The NCTL disciplinary process
Wherever a claim is raised, an investigation will be made to examine and assess its status. An interim prohibition order will prevent the accused staff member from continuing to teach if the claim isn’t deemed to be of serious enough nature.
The accused staff member will have 28 days to supply evidence of their defence, once a formal investigation has been carried out.
If, in accordance with all facts, the case is judged to be valid by the National College for Teaching and Leadership, it will then be referred to the Professional Conduct Panel for a hearing.
3 members, inclusive of professional and lay members, will make up the Professional Conduct Panel. Evidence may also be provided by any witnesses called to attend the hearing.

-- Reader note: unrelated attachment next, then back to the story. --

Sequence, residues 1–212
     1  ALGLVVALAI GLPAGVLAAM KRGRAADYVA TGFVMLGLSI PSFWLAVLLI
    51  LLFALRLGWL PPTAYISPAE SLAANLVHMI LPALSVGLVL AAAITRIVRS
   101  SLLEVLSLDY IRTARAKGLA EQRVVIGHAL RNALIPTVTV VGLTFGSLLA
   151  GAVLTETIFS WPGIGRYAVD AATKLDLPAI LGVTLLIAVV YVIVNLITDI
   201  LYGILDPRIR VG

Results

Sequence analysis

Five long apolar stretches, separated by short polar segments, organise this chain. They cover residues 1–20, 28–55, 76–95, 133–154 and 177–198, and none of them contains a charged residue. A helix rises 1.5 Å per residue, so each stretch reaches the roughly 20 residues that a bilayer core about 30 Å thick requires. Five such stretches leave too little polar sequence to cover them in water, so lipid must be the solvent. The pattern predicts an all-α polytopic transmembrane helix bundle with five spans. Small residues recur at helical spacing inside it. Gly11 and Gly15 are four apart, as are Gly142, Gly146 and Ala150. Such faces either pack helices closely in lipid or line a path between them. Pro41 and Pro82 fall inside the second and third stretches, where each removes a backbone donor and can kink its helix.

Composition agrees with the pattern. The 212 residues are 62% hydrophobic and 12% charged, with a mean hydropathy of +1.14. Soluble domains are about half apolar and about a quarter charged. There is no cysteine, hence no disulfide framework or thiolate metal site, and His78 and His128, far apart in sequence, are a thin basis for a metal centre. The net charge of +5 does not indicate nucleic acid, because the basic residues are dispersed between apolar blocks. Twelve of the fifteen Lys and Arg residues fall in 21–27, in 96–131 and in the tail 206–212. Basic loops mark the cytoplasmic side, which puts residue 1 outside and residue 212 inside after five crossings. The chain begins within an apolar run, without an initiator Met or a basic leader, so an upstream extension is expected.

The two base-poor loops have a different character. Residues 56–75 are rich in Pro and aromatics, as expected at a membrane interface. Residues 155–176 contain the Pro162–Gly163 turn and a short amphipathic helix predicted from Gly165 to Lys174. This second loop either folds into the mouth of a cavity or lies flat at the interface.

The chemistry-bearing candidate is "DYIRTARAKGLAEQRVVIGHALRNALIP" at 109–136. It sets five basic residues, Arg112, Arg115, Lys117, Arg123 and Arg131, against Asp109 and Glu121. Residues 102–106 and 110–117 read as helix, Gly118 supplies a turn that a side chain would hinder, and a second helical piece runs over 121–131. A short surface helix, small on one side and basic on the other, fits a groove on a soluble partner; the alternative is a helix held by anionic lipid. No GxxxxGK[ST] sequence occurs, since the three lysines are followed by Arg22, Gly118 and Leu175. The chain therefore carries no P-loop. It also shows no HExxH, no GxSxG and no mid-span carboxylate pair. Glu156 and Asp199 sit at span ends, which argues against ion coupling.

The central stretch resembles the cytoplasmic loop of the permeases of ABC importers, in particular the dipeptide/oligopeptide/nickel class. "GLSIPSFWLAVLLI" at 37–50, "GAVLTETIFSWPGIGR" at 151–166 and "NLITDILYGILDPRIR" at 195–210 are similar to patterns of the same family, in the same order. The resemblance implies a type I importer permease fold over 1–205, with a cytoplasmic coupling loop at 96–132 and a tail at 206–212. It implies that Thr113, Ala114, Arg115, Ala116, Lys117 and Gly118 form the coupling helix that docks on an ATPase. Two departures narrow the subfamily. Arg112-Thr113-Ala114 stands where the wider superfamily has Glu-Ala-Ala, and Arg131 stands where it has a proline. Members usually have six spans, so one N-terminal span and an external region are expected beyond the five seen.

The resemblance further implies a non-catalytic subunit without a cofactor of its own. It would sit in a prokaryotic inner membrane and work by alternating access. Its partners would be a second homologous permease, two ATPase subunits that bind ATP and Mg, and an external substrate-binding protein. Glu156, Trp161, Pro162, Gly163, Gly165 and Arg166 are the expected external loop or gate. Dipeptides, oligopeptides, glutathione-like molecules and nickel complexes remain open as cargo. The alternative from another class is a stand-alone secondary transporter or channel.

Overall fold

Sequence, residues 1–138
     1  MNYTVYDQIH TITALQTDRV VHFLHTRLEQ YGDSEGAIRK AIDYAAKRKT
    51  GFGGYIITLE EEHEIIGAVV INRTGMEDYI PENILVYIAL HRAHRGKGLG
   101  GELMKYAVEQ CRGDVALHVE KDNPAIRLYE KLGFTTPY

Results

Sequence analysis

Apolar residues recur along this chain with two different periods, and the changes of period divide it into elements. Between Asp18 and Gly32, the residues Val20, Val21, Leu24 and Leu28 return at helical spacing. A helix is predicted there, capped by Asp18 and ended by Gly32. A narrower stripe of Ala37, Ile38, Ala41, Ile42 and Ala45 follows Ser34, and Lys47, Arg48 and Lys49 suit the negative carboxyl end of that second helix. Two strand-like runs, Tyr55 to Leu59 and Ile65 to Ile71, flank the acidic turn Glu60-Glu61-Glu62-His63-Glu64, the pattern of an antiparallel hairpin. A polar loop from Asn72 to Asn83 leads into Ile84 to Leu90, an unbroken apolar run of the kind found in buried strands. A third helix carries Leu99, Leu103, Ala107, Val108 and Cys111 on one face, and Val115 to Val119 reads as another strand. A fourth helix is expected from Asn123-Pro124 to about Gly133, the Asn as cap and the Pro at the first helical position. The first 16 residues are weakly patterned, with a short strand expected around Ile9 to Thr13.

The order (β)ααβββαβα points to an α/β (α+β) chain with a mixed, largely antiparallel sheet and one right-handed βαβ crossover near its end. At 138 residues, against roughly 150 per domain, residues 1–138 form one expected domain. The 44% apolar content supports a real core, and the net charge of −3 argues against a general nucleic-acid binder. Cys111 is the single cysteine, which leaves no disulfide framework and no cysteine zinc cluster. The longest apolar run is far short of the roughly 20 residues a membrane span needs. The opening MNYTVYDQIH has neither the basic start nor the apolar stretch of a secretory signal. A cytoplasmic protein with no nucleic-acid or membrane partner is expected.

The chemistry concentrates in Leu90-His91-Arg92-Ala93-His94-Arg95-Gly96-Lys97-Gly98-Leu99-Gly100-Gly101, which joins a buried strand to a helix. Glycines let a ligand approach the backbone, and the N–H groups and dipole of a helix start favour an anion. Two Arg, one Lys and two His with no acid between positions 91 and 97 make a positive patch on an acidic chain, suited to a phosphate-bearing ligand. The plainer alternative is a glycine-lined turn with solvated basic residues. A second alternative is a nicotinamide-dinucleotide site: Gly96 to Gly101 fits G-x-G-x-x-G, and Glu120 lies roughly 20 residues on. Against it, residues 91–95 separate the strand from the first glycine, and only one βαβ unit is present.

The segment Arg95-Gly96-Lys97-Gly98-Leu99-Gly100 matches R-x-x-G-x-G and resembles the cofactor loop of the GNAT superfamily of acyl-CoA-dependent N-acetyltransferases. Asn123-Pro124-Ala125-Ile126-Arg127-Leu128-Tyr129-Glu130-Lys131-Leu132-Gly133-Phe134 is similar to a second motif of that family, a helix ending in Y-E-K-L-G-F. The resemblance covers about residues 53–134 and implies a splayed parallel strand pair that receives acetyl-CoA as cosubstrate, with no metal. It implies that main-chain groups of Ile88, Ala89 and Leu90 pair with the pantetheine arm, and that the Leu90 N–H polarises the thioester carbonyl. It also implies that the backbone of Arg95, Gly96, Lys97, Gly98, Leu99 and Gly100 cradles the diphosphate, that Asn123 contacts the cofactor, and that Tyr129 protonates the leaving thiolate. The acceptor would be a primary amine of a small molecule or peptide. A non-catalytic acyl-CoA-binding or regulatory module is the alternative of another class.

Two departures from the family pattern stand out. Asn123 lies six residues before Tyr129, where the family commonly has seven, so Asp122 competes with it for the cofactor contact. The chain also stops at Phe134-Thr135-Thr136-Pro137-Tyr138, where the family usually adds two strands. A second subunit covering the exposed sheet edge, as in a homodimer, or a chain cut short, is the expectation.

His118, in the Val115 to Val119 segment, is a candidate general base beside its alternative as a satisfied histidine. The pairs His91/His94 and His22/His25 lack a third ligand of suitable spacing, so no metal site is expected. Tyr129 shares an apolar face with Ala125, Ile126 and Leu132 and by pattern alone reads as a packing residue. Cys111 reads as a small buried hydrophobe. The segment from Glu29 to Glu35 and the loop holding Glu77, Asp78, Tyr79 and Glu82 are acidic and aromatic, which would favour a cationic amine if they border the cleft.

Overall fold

In regard to the case and the accused member of staff, a decision will be reached by the panel on the balance of probabilities. The result will dictate the recommendation of a prohibition order to the Secretary of State, and if agreed, the accused will be added to a prohibition list and no longer allowed to teach.
Appeals against the prohibition order can be made by the teacher to the High Court. Appeals must be made within 28 days of the order being served.
After a period of 2 years, and if the prohibition order is suitable for review, the subject of the prohibition order may apply to reverse the order. This is dependent on the term of the order.